Irish classical guitarist Michael Howard, who was with McKenna when he died, said he was talking with his longtime friend at his kitchen table, when “all of a sudden Barney’s head dropped down to his chest. It looked as if he’d nodded off.” Howard said paramedics over the phone talked him through emergency revival procedures, but McKenna “was pretty much gone.”
“The comfort that I take from it is, he passed away very peacefully sitting at his own breakfast table having a quiet cup of tea and a chat,” Howard said.
“What a lovely way to go,” said McKenna’s Dubliners bandmate for a quarter-century, guitarist and singer Eamonn Campbell.
McKenna was considered the most influential banjo player in Irish folk music. He spent a half-century performing, recording and touring with the band ever since its 1962 creation in the Dublin pub O’Donoghue’s. The other three founders – Ronnie Drew, Ciaran Bourke and Luke Kelly – died in 2008, 1988 and 1984, respectively.
McKenna completed a United Kingdom tour with The Dubliners last month and performed Wednesday night at a Dublin funeral. Howard, who also performed there and drove McKenna home afterward, said his friend performed “absolutely beautifully. When he finished there was a spontaneous, thunderous round of applause in the church.”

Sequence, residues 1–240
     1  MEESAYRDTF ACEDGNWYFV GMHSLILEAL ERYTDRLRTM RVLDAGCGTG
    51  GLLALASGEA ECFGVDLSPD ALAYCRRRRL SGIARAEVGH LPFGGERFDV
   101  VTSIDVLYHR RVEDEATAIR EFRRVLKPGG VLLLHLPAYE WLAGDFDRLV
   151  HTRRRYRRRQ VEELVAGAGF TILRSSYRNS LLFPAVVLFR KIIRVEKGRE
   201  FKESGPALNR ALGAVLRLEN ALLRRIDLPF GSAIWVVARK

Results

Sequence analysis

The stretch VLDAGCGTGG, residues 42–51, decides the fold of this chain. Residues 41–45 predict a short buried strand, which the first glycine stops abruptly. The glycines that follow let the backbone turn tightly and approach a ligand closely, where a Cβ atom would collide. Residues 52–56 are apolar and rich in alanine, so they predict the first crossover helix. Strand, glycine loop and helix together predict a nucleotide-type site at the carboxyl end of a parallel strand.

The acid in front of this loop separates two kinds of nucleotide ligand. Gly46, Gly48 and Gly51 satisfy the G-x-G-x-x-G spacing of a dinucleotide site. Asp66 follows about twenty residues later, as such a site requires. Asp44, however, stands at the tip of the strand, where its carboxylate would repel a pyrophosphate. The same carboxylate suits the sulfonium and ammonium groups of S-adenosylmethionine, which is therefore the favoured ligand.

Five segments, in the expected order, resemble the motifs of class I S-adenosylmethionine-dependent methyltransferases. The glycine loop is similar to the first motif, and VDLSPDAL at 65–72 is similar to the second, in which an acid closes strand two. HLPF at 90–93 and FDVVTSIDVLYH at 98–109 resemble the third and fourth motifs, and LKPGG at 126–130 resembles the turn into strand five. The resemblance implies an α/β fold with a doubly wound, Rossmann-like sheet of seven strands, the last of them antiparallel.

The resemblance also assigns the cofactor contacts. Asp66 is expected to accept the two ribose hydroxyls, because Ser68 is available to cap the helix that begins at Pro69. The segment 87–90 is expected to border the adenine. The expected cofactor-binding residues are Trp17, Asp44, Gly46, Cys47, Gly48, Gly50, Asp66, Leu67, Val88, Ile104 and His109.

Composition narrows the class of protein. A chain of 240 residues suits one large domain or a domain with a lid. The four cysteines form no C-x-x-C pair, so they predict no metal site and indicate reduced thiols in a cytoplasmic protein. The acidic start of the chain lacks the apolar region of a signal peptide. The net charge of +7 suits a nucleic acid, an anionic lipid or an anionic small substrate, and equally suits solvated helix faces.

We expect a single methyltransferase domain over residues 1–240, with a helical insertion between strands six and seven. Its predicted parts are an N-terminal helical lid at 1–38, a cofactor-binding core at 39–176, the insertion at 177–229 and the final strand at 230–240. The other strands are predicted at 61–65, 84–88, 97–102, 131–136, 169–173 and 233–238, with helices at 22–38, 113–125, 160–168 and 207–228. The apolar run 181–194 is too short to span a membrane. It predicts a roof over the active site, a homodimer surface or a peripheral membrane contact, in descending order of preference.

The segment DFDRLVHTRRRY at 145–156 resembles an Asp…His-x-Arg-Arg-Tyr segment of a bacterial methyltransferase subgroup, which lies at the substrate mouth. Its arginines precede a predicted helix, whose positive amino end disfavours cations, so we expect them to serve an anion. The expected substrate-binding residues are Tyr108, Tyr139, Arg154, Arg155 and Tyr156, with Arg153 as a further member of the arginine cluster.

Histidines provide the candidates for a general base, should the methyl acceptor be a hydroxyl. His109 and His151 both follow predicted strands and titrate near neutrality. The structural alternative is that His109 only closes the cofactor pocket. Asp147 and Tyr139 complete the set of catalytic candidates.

Born in Dublin in 1939, McKenna tried to join the Irish army band but was rejected because of bad eyesight. He busked in the streets and pubs of the capital and developed a reputation as an innovative performer on a specially tuned, four-stringed tenor banjo, then a virtually unknown instrument in Ireland that he made an Irish folk favorite.
The gravel-voiced Drew recruited him to Friday night “sessions” – impromptu barside concerts – at O’Donoghue’s, a diminutive pub near the Irish parliament so famously packed that its barmen had to stand on stepstools to take orders. It soon gained a reputation as the country’s top venue for live folk music, with The Dubliners performing alongside such other rising folk stars as The Chieftains and the Fureys.
Many noted how McKenna always made time to help younger musicians learn the art of the tenor banjo, particularly the intricacies of his own strumming and tuning techniques.
“His influence on and generosity to other instrumentalists was immense,” said Irish President Michael D. Higgins, who saw McKenna perform last month in a Dublin cathedral at one of The Dubliners’ many 50th anniversary performances.
Friends and bandmates told anecdote upon anecdote Thursday of the many off-the-wall, comically illogical comments made by McKenna over the years.
“He was like a brother to me,” recalled fiddler John Sheahan, who joined The Dubliners in 1964 and remains in the band today. His favorite Barneyism: calling an optical illusion an “obstacle confusion.”
“He was very droll man and great company. You’d never know what he’d come out with next,” Campbell said. “My favorite song that he sang was ‘I’m a Man You Don’t Meet Every Day.’ And that was true about Barney.”
His Dutch wife, Joka, died 28 years ago and the couple had no children. He lived alone in the upscale fishing port of Howth and spent spare time tinkering with his boat and fishing on the Irish Sea. He continued to perform, despite suffering from diabetes and a mild stroke.
McKenna is survived by his partner Tina, sister Marie and brother Sean, who is also a top Irish banjo player. Funeral arrangements were not immediately announced.